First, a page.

In her poems, Behbahani tackled topics such as patriotism, women’s issues, war, peace, revolution, poverty, justice, and other challenges facing Iran and its people.

One of the speakers at Behbahani's funeral, writer and poet Javad Mojabi, said the poetess always remained loyal to her people.

Iranian tenor Shahram Nazeri sang one of Behbahani's popular poems, titled “My Country, I Will Build You Again."

Among the participants at Behbahani’s funeral was prominent Iranian human rights lawyer Nasrin Sotoudeh.

Many Iranians are mourning the death of Behbahani, who touched their hearts through her words and her stanzas in support of human rights and freedom of speech.

"Simin Behbahani, you are in our hearts," some chanted while paying their last respects to the poet.

With additional reporting by Radio Farda's Mohammad Zarghami

Famed Iranian Poet Simin Behbahani Dies At 87

Simin Behbahani (right) during a visit by human rights lawyer Nasrin Sotoudeh (center) in 2010.

Golnaz Esfandiari

Simin Behbahani, one of Iran’s most prominent literary figures and a vocal human rights defender who was targeted with censorship and smear campaigns by Iranian authorities, has died in Tehran. She was 87.

A two-time nominee for the Nobel Prize in literature, Behbahani died on August 19 of heart failure and respiratory problems at a hospital in the Iranian capital, according to local news agencies.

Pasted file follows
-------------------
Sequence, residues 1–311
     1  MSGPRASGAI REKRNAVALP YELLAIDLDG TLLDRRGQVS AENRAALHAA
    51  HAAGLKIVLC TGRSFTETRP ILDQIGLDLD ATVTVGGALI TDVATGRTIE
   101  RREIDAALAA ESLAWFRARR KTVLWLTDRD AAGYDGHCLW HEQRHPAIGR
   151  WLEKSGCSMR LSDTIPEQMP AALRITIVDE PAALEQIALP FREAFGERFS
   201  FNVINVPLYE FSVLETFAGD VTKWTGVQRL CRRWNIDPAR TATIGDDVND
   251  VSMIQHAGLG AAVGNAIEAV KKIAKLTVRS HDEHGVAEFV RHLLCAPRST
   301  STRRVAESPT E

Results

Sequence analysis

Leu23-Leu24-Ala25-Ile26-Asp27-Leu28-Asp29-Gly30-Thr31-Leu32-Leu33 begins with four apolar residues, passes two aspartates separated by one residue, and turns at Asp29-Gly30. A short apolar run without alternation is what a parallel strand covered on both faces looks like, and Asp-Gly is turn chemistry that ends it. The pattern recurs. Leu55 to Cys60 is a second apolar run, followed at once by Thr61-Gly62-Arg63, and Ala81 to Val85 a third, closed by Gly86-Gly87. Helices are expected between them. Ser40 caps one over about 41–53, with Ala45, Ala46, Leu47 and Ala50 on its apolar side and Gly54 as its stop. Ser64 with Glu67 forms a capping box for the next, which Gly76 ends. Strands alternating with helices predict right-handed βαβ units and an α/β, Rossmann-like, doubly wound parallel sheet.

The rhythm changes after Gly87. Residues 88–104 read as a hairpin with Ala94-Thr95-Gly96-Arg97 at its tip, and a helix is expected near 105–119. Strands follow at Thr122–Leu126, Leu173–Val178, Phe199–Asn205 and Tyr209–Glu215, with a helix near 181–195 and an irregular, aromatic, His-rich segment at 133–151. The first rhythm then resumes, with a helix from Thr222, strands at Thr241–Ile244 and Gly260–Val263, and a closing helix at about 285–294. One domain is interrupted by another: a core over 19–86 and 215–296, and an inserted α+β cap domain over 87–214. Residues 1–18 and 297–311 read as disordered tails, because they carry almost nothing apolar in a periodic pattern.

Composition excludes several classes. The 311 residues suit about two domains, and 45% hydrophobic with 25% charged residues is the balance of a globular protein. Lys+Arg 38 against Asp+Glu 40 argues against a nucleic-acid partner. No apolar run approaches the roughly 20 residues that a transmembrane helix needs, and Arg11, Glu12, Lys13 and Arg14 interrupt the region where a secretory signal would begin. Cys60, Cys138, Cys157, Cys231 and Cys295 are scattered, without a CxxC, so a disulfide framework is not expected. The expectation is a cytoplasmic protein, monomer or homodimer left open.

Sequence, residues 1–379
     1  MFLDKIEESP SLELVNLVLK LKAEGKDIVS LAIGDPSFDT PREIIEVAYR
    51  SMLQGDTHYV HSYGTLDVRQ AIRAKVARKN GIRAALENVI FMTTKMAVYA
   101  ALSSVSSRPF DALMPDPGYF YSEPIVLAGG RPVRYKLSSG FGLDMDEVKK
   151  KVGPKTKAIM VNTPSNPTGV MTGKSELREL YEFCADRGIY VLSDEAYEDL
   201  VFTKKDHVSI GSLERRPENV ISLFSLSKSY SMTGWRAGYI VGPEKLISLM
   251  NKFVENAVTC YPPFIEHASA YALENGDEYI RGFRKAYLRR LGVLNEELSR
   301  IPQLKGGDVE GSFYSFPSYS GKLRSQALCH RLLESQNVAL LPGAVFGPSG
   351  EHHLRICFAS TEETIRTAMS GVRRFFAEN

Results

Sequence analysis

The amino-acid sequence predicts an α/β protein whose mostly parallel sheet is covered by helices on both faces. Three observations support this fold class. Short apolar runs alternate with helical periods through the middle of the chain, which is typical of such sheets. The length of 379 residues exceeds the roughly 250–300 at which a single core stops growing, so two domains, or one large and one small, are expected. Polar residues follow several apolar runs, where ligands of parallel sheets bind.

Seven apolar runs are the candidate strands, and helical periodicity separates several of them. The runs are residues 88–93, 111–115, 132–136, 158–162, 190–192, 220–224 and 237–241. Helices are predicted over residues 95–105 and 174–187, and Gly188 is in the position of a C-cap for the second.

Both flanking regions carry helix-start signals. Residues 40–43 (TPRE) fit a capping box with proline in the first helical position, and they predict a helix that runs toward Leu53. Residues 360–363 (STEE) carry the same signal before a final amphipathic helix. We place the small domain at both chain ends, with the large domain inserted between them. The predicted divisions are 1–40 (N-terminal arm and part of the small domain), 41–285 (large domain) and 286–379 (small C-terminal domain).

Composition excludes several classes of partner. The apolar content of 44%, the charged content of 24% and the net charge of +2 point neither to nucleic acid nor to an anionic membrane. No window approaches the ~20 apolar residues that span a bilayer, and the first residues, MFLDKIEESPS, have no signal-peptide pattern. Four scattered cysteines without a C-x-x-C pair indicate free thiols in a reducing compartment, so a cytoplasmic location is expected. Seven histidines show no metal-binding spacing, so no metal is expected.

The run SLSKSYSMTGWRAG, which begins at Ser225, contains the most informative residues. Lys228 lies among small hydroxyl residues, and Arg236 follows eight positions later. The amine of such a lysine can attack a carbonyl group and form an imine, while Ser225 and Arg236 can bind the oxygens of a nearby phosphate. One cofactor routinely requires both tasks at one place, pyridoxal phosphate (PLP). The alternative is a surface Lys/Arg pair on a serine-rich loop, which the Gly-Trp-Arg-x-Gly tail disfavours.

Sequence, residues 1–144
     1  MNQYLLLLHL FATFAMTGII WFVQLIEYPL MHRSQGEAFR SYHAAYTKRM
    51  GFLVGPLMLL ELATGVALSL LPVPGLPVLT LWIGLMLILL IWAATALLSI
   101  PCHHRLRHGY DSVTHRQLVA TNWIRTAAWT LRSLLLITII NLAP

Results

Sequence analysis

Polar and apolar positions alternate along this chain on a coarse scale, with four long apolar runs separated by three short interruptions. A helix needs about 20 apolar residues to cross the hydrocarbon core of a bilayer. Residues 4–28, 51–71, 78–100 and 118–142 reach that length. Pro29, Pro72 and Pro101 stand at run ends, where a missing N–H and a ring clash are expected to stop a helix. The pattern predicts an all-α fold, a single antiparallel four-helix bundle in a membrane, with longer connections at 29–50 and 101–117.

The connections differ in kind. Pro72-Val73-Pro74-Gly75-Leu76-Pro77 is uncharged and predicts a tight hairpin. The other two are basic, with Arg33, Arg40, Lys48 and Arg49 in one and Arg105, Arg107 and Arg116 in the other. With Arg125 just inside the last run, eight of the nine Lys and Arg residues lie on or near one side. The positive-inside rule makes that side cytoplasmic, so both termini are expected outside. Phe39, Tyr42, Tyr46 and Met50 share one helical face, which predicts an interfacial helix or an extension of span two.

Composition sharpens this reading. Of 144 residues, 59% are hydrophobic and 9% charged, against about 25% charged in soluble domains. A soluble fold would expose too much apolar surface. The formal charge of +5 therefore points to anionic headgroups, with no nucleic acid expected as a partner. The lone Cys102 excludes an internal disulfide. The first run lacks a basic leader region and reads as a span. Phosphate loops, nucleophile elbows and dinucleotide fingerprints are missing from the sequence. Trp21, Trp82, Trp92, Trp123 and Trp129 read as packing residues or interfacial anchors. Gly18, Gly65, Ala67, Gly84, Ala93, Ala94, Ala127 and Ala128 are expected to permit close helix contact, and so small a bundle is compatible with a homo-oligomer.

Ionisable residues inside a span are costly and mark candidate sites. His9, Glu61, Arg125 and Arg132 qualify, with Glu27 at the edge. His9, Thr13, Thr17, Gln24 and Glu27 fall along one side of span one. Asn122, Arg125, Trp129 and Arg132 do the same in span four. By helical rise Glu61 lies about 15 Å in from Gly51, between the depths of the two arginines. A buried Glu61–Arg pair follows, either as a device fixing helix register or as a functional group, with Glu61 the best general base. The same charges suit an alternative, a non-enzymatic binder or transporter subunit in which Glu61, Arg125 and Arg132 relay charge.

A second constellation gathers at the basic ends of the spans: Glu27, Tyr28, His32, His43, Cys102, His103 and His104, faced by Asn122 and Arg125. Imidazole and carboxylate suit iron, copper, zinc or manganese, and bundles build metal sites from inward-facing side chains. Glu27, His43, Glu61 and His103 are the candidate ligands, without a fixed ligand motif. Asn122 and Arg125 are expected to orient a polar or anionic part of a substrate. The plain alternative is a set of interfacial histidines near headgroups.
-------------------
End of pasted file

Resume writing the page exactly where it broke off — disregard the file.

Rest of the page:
Behbahani gained renown as master of “ghazal,” a traditional genre of Persian poetry comprising a series of couplets, much like the Western sonnet. Her words resonated deeply among Iranians, both in intellectual circles and the general public. Some of her poems were set to music, and many are widely known by heart among Iranians.

Behbahani reconciled ghazal with modernity and reinvented the literary form, which traditionally had been reserved for men, says Farzaneh Milani, who has translated some of Behbahani’s poems into English and written the first collection of articles about her poetry.

“Ghazal was defined as a poem that a man wrote for a woman. Simin Behbahani changed that age-old pattern,” says Milani. “Now it’s a woman who is singing her love for a man. One can say that Iranian men were finally unveiled in a Persian ghazal; they became the object of love rather than the loving subject.”

Milani, who teaches Persian literature and women’s studies at the University of Virginia, says that, as a woman, she takes “great pride in the fact that [Behbahani] desegregated the arena of this old Persian form.”

“It’s no longer possible to talk about ghazal and only talk about men,” Milani says.

In her hundreds of poems, Behbahani tackled issues such as patriotism, women’s issues, war, peace, revolution, poverty, justice, and other challenges facing Iran and its people.
  
Behabahani, the winner of several international poetry and human rights awards, told RFE/RL in a 2012 interview that her work reflected her concerns for her compatriots, their joy and suffering.

Literary Roots

Behbahani was born in Tehran on July 20, 1927, into a family of intellectuals. Her mother was a poet and a French teacher, while her father was a writer and the editor of a newspaper. She wrote her first poem during World War II at the age of 14.

“Our country had also been affected, and after the war, people were facing a tough situation,” Behbahani told RFE/RL. “And I wrote a poem that began as follows: ‘Oh, poor and distressed nation, what holds you back?’”